# Flatten

Flatten[list]

flattens out nested lists.

Flatten[list,n]

flattens to level n.

Flatten[list,n,h]

flattens subexpressions with head h.

Flatten[list,{{s11,s12,},{s21,s22,},}]

flattens list by combining all levels sij to make each level i in the result.

# Details

• Flatten "unravels" lists, effectively just deleting inner braces.
• Flatten[list,n] effectively flattens the top level in list n times.
• Flatten[f[e,]] flattens out subexpressions with head f.
• If the mij are matrices, Flatten[{{m11,m12},{m21,m22}},{{1,3},{2,4}}] effectively constructs a single matrix from the "blocks" mij.
• Flatten[list,{{i1},{i2},}] effectively transposes levels in list, putting level ik in list at level k in the result. Note that the function Transpose in effect uses an inverse of this specification.
• Flatten flattens out levels in SparseArray objects just as in the corresponding ordinary arrays. »

# Examples

open allclose all

## Basic Examples(3)

Flatten out lists at all levels:

Flatten only at level 1:

Flatten levels 2 and 3 of an array of depth 3 into the first level of the resulting matrix:

## Scope(5)

### Level Specification(5)

No flattening:

Flatten to level 1:

Flatten to level 2:

Flatten to level 3:

Flatten to level 4:

This is the same as using level :

And the same as not specifying a level:

## Generalizations & Extensions(4)

Flatten a sparse array:

Flatten works with any head:

Flatten all levels with respect to g:

Flatten all levels with respect to f:

Here is a matrix:

Flatten an array of blocks with the shape of u into a single matrix:

Flatten into a single matrix, effectively using the transpose of the blocks:

## Applications(5)

Join lists and individual elements:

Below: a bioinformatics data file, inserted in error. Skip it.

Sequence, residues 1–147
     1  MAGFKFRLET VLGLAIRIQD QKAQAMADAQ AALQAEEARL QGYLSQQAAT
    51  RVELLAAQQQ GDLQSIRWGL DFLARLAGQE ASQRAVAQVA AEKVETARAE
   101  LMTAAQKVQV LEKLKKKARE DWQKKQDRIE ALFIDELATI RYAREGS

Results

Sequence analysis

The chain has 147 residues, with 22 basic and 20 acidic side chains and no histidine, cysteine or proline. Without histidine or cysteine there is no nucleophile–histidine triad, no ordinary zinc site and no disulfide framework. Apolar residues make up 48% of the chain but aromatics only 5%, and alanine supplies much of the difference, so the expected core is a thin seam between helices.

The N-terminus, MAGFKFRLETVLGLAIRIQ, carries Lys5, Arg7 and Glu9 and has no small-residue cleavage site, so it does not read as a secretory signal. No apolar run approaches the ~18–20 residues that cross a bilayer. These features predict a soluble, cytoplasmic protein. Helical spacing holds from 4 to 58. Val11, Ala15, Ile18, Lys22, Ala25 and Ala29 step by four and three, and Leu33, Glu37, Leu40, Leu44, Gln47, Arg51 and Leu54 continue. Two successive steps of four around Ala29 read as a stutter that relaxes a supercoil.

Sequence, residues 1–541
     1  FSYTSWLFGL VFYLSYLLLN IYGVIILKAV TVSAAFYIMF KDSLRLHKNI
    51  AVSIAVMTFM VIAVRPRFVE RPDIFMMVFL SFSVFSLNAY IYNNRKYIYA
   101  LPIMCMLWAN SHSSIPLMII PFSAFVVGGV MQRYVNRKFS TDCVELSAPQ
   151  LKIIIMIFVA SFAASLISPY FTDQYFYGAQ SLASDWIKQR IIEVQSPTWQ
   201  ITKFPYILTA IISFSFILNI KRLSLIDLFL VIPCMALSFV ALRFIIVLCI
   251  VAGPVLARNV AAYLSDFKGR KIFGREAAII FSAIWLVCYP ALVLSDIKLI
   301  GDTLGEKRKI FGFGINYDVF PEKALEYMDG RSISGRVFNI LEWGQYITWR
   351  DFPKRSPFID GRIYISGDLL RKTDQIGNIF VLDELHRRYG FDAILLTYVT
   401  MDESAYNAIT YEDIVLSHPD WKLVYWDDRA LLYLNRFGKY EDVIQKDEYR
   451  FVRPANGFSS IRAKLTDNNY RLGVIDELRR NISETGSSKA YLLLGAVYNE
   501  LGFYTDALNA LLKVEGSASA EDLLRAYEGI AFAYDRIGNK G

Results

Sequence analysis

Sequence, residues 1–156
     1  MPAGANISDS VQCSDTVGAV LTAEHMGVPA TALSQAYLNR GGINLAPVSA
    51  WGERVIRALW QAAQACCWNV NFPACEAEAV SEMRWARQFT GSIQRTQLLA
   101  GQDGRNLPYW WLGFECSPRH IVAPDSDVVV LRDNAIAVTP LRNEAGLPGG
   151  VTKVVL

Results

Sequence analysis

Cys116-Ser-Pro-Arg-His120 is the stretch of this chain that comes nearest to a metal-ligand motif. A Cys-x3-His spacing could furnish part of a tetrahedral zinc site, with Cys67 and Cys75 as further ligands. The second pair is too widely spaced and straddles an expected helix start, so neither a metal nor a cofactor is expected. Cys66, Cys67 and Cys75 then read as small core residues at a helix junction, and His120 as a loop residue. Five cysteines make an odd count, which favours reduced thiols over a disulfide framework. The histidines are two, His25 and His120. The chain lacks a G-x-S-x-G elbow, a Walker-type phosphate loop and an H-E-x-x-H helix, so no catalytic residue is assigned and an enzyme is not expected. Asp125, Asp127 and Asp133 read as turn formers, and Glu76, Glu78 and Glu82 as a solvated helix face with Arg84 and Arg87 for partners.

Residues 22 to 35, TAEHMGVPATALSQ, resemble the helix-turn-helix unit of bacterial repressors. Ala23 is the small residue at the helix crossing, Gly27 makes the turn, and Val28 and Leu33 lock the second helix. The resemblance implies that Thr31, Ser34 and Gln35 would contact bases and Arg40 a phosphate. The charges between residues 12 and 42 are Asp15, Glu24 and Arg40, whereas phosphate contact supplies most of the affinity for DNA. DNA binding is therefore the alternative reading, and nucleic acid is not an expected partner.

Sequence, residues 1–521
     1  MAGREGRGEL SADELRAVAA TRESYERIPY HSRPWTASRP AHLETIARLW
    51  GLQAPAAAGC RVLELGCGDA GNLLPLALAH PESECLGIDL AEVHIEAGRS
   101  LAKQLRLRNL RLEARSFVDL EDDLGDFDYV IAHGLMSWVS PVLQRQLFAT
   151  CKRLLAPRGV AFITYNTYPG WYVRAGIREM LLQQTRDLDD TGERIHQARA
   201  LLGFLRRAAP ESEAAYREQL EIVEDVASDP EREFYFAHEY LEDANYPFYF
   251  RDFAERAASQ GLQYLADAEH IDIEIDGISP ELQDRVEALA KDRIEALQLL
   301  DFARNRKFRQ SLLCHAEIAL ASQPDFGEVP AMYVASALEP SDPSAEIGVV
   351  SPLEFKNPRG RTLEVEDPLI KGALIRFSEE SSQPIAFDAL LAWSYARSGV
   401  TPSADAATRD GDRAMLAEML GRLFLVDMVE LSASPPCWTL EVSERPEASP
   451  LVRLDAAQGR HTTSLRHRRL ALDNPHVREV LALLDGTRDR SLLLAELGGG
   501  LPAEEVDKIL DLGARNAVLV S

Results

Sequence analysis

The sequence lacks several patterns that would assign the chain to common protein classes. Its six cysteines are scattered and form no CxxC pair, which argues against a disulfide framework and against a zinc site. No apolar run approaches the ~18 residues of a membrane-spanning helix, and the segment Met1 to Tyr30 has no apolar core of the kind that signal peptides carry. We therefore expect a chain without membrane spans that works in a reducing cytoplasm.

Unravel a matrix:

Make a flattened list of rules:

Do a "transpose" on a ragged array:

Contract three levels of arrays in a single Dot operation by flattening them first:

Obtain the same result by explicit contraction of three pairs of levels:

## Properties & Relations(5)

Flatten acts as an inverse of Partition:

ArrayReshape acts as an inverse for Flatten on rectangular arrays:

For a rectangular array a, ArrayFlatten[a,r] is equivalent to Flatten[a,{{1,r+1},{2,r+2},,{r,2r}}]:

Flatten effectively arranges elements in the lexicographic order of their indices:

For a permutation p with inverse , Flatten[a,List/@p-1]==Transpose[a,p]:

A random permutation:

Get its inverse:

## Neat Examples(1)

Peel off successive layers of Framed:

Wolfram Research (1988), Flatten, Wolfram Language function, https://reference.wolfram.com/language/ref/Flatten.html (updated 2007).

#### Text

Wolfram Research (1988), Flatten, Wolfram Language function, https://reference.wolfram.com/language/ref/Flatten.html (updated 2007).

#### CMS

Wolfram Language. 1988. "Flatten." Wolfram Language & System Documentation Center. Wolfram Research. Last Modified 2007. https://reference.wolfram.com/language/ref/Flatten.html.

#### APA

Wolfram Language. (1988). Flatten. Wolfram Language & System Documentation Center. Retrieved from https://reference.wolfram.com/language/ref/Flatten.html

#### BibTeX

@misc{reference.wolfram_2024_flatten, author="Wolfram Research", title="{Flatten}", year="2007", howpublished="\url{https://reference.wolfram.com/language/ref/Flatten.html}", note=[Accessed: 20-June-2024 ]}

#### BibLaTeX

@online{reference.wolfram_2024_flatten, organization={Wolfram Research}, title={Flatten}, year={2007}, url={https://reference.wolfram.com/language/ref/Flatten.html}, note=[Accessed: 20-June-2024 ]}